SALT Report 1985 – The Indiana Department of Revenue issued a letter of finding regarding the taxability of acetone used during the printing process. The Taxpayer in this case designs, engineers, prints, and produces plastic containers and accessories for sale to the food industry. The Taxpayer used the acetone to periodically clean a “rubber blanket”, which it used to transfer designs and text onto the plastic containers.
The Department conducted an audit of the Taxpayer’s business records and determined that the Taxpayer’s use of acetone was “not conducted during production but rather in between production runs.” Because of this the Department assessed additional sales and use taxes on the Taxpayer’s purchases of acetone. The Taxpayer disagreed with the assessment and filed an appeal claiming the exemption pursuant to IC 6-2.5-5-5.1(b).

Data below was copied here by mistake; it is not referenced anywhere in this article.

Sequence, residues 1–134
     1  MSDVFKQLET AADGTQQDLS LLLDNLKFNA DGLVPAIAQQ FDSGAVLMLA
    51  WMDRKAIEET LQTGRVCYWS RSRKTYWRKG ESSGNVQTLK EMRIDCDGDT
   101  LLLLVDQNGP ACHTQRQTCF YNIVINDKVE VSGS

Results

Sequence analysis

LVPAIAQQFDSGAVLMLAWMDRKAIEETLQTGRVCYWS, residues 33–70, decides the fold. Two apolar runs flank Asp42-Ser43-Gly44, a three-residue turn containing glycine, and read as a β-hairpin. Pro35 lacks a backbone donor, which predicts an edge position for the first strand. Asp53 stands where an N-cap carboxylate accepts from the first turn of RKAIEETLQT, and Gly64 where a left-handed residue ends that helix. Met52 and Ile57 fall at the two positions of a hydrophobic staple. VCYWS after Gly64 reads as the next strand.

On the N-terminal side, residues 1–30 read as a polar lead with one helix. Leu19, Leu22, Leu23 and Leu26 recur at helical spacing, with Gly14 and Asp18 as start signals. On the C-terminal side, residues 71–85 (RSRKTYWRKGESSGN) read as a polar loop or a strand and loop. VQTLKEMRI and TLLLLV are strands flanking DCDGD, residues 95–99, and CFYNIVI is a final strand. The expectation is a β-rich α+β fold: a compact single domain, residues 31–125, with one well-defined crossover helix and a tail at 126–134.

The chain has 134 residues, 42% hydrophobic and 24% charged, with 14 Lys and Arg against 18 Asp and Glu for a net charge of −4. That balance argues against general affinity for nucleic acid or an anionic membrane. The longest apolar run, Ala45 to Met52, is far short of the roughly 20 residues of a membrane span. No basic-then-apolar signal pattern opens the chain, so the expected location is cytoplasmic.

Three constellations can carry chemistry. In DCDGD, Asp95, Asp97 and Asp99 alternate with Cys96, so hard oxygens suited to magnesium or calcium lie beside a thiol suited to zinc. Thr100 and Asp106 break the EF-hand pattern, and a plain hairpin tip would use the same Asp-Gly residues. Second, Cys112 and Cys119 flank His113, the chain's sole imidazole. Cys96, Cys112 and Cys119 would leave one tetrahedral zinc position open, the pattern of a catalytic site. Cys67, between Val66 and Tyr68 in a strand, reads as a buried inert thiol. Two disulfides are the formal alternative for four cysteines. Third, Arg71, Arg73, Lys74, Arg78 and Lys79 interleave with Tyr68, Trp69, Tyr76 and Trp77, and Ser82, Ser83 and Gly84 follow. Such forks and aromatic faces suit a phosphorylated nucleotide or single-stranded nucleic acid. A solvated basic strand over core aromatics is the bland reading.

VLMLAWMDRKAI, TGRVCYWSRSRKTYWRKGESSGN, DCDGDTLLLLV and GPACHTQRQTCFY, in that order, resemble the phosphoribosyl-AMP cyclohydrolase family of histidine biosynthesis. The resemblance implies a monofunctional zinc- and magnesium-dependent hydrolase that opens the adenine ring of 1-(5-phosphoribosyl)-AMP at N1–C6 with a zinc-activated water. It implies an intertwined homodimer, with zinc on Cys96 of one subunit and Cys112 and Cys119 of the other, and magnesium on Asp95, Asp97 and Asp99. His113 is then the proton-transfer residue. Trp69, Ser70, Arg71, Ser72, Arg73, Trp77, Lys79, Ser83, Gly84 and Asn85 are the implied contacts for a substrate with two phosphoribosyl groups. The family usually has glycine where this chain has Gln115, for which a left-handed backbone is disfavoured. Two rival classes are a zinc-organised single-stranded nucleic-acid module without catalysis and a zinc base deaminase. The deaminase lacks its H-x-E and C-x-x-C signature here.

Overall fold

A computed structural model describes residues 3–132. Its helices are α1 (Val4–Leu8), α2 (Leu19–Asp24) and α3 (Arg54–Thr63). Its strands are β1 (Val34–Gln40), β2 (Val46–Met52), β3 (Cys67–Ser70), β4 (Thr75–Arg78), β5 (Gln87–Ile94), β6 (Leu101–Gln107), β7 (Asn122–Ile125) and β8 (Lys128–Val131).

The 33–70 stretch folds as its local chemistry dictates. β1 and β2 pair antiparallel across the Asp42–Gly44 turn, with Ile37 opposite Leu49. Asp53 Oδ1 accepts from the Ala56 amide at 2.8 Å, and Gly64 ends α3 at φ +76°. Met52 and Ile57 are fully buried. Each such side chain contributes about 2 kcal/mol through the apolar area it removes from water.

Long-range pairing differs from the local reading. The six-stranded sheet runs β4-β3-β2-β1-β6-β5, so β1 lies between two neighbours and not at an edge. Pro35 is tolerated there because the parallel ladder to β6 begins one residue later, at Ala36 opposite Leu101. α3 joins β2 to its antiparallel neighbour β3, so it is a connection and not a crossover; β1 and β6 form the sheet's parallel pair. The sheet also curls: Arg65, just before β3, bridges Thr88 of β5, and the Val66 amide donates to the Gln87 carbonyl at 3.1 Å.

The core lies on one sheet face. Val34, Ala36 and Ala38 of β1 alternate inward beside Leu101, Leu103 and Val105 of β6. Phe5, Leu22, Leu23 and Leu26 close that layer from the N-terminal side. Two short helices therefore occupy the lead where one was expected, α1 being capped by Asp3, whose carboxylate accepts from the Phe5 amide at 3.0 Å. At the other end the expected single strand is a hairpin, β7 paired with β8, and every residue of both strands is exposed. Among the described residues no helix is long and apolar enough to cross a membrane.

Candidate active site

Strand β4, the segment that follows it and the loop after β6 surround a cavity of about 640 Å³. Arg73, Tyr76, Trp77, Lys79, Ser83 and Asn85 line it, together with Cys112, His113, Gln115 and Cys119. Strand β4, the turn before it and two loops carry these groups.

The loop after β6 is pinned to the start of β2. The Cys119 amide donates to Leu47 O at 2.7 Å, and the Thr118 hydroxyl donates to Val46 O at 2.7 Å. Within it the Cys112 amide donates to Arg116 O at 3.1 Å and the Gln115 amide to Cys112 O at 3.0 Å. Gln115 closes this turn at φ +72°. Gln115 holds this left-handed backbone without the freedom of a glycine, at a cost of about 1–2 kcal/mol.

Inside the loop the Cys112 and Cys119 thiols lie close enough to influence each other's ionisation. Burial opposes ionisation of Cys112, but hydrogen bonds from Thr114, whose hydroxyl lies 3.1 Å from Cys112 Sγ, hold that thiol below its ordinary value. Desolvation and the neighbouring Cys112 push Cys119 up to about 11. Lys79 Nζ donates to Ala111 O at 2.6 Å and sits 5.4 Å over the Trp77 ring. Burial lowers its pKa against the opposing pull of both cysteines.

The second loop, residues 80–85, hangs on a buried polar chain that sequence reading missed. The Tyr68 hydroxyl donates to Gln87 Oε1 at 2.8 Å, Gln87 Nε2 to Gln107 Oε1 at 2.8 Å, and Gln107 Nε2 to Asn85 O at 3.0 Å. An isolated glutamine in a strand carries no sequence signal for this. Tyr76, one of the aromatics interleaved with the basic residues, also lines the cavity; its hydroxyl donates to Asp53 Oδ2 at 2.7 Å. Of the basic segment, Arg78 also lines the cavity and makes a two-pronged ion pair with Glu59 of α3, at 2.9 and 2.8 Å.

The regulation states that, “Transactions involving tangible personal property are exempt from the state gross retail tax if the person acquiring the property acquires it for direct consumption as a material to be consumed in the direct production of other tangible personal property in the person’s business of manufacturing, processing, refining, repairing, mining, agriculture, horticulture, floriculture, or arboriculture.” This exemption includes transactions involving acquisitions of tangible personal property used in commercial printing.
The issue in this case is whether the acetone used to clean the Taxpayer’s printing blankets “has an immediate effect on the article produced” and if the acetone “is an essential and integral part of an integrated process which produces tangible personal property.”
The Department determined that the Taxpayer was able to establish that acetone is an “integral part of an integrated process which produces tangible personal property.” Further, the Taxpayer was able to prove that its use of acetone was sufficiently distinguishable from the routine use of cleaning supplies commonly used in manufacturing processes.
Accordingly, the Department concluded that the acetone fell within the scope of the exemption found in IC 6-2.5-5-5.1(b) and dismissed the sales and use tax assessment.
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